The opinion of the court was delivered by: J. Michael Seabright United States District Judge
ORDER DENYING DEFENDANT'S MOTION TO SUPPRESS
Defendant Larry Lee seeks an order from the court suppressing evidence seized from his van pursuant to a consent search on January 25, 2011. After reviewing the motion, the supporting and opposing memoranda, the arguments of counsel, and considering the testimony and credibility of the witnesses, the court finds that Defendant voluntarily consented to the search of his van and that the search was lawful under the automobile exception to the Fourth Amendment. As a result, Defendant's Motion to Suppress is DENIED.
On December 27, 2010, various items, including a government-issued firearm, were stolen from Department of Homeland Security, Immigration and Customs Enforcement ("ICE") Special Agent Ivan Young's vehicle while parked at a Costco retail store located in Honolulu. A joint ICE and Honolulu Police Department ("HPD") Crime Reduction Unit ("CRU") investigation ensued.
On January 15, 2011, Young and members of the HPD interviewed Joshua Bagayas-Cabalar. Bagayas-Cabalar informed law enforcement that he and Kevin Agno stole the items from Special Agent Young's vehicle, and then sold them to Lee for $400 at the Ala Moana Beach Park on December 27, 2010. According to Bagayas-Cabalar, Agno had called Defendant and arranged the sale.
HPD CRU Corporal Anthony Chong, with five other CRU members, went to Defendant's Honolulu residence located at 1621 Ala Wai Boulevard on January 25, 2011 at approximately 4:00 p.m. The officers were dressed in tee shirts and shorts, with their firearms concealed. Chong testified that they knocked on the door without announcing that they were police. Defendant's son, Kainoa Haas, answered.*fn1 Haas confirmed that Defendant lived in the apartment. Haas then walked to the back of the apartment and called out to Defendant, who then came to the door. According to Chong, no firearms were drawn during this period or at anytime during the January 25 encounter.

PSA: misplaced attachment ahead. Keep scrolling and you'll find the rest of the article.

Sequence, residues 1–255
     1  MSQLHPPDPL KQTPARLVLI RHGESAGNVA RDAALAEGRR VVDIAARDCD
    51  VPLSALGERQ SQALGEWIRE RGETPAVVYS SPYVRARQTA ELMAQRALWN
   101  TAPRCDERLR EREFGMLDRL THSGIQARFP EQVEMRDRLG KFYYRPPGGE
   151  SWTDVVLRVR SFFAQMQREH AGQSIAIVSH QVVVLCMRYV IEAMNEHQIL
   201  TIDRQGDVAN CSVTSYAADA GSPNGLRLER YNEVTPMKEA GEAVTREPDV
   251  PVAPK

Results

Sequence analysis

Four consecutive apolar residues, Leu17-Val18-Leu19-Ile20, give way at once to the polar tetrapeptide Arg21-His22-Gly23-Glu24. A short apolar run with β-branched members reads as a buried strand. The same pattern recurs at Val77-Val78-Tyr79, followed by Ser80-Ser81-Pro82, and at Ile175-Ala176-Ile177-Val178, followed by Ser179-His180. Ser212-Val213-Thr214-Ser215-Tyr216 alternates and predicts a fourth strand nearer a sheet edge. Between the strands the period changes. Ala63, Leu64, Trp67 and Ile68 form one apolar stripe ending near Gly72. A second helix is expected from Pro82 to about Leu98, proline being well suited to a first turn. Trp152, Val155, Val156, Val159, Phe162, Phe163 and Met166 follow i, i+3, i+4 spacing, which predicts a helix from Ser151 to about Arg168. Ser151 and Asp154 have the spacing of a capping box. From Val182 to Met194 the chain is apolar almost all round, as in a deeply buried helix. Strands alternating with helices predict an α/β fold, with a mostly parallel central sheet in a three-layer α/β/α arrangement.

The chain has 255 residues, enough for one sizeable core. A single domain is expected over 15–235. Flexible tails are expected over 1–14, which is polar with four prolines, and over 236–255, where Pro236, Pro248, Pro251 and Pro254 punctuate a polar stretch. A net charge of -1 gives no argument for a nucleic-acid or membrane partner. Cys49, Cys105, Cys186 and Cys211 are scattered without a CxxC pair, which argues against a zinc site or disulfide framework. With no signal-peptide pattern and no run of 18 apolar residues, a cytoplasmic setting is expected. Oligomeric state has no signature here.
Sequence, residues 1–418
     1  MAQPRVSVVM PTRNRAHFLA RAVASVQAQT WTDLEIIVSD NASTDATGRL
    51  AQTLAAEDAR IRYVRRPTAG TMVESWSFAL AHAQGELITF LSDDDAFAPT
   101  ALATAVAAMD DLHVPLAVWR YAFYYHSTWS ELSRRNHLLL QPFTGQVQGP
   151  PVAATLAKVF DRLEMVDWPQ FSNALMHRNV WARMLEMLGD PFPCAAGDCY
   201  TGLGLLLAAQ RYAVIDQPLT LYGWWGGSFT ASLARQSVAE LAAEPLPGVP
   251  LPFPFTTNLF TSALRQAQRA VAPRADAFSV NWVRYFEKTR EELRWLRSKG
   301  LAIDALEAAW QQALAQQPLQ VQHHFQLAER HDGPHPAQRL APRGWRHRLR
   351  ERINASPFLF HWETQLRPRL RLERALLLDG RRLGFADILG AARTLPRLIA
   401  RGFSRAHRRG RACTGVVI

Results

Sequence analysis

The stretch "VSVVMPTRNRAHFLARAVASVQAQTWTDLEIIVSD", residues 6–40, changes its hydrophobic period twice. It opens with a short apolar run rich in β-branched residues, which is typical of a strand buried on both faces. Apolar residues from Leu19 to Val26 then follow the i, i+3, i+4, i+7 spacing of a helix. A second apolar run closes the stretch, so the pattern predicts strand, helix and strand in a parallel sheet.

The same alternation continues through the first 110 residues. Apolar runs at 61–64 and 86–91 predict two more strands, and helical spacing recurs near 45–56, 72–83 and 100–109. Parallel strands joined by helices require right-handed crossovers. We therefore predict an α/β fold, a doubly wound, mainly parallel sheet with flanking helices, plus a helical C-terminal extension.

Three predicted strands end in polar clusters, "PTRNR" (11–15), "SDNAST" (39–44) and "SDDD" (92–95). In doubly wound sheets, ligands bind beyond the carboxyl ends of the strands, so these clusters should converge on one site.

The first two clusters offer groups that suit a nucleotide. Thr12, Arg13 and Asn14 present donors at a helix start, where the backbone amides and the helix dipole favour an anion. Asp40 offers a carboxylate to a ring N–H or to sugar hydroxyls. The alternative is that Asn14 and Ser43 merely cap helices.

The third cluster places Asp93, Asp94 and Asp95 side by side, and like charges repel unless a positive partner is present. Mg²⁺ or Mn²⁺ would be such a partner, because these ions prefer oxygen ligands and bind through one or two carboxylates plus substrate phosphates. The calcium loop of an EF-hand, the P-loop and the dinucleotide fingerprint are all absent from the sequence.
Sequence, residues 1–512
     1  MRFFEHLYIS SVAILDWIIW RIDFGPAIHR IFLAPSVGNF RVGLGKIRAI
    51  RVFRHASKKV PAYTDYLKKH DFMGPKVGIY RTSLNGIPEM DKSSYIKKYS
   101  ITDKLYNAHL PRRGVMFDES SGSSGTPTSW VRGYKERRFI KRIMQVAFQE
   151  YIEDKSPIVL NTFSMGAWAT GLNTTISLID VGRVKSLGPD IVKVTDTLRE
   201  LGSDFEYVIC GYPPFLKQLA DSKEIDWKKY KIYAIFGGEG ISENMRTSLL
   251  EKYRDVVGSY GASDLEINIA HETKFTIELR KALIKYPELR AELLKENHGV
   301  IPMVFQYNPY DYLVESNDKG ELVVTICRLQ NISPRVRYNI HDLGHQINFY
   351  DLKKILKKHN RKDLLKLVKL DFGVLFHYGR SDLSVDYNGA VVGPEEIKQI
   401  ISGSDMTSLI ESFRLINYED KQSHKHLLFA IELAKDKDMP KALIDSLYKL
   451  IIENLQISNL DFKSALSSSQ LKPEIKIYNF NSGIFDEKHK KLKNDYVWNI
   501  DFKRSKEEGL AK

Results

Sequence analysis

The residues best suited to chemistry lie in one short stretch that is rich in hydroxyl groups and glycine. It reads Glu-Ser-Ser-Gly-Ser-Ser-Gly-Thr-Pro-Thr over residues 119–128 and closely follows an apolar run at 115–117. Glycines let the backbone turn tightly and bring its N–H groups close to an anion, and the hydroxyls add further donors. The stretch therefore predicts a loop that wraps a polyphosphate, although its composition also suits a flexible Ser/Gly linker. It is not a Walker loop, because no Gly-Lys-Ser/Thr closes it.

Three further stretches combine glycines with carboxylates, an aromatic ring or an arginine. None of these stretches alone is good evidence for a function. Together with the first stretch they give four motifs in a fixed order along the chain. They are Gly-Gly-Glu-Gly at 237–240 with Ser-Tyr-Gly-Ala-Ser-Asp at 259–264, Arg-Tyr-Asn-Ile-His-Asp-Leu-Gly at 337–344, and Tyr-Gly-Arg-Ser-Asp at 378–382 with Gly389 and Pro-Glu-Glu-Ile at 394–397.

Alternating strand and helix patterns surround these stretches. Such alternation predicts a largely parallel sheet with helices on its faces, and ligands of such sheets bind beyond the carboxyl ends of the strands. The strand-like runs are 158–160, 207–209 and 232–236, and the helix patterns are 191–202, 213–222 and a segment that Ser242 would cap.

Chong then explained to Defendant that he had traffic warrants outstanding for his arrest, and that two people wished to speak with him. Within a short period of time, ICE agents Young and Jason Pa arrived.
Pa and Young, also dressed in street clothes and concealing their firearms, met Defendant outside his apartment door. Pa showed Defendant his law enforcement credentials, and stated that he had information that Defendant may be in possession of items stolen from a government-owned vehicle. Pa testified that he told Defendant that he wanted to ask his some questions, but told him that he was not under arrest*fn2 and that he was not required to answer any questions. Pa also asked for consent to search Defendant's apartment and pick-up truck, telling Defendant that he could refuse consent. According to Pa, Defendant agreed to speak with him and consent to a search.
Defendant, Pa, and Young then went inside the apartment to Haas' bedroom.*fn3 With the bedroom door open and unobstructed, Pa explained the reason for the interview -- to determine if Defendant was in possession of stolen items that he had obtained from Agno. Again, Pa asked for consent to search the apartment and Defendant's pick-up truck, telling Defendant that he could refuse to consent. Although Defendant again consented, the search failed to uncover any of the items stolen from Young's vehicle. Pa described his tone throughout the January 25 encounter as conversational.
Pa then interviewed Defendant in the bedroom. Defendant confirmed that he knew Agno and identified Agno's photograph and phone number. He also stated that he had previously obtained an antique firearm from Agno and had purchased cell phones from Agno at the Ala Moana Beach Park after Christmas 2010.*fn4
Chong then took Defendant outside to wait for an HPD transport vehicle.*fn5 Chong testified that as is often his practice, he did not place Defendant in handcuffs.*fn6 While outside, the apartment building's resident manager, Robert Sablan, motioned to speak with Chong. Sablan then told Chong (outside of Defendant's presence) that Defendant owned a white Volkswagen van that he used for storage and that it was located in the parking lot. Upon questioning, Defendant confirmed that he owned the van. Chong asked permission to search the van --Defendant responded that Chong could search it, but added that he did not want to be responsible if anything was found in the van, and that if Chong found something, Agno might have placed it in the van. Defendant also explained that he did not have keys to the van, but the door could be opened through a window.
Chong relayed this conversation to Pa. Pa then met with Defendant, stating that he appreciated Defendant's cooperation and understood that he owned a Volkswagen van. Pa then requested consent to search the van, explaining to Defendant that he could refuse to consent. And again, Defendant consented to a ...